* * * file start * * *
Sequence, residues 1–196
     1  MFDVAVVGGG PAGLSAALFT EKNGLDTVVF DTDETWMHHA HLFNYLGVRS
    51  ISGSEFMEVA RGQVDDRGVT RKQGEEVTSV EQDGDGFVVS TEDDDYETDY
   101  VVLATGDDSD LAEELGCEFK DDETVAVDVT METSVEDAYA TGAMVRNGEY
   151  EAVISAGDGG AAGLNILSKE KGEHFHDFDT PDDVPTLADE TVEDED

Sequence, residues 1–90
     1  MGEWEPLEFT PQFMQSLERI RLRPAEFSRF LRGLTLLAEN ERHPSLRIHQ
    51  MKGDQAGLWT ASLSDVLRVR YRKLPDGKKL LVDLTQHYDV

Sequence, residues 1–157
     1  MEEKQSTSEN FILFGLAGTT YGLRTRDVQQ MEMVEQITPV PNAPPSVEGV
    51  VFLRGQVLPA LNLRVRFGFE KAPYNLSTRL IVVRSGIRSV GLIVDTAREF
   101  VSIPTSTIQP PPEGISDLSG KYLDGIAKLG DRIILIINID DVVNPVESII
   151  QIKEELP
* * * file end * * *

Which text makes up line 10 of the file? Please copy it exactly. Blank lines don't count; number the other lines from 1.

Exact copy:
     1  MEEKQSTSEN FILFGLAGTT YGLRTRDVQQ MEMVEQITPV PNAPPSVEGV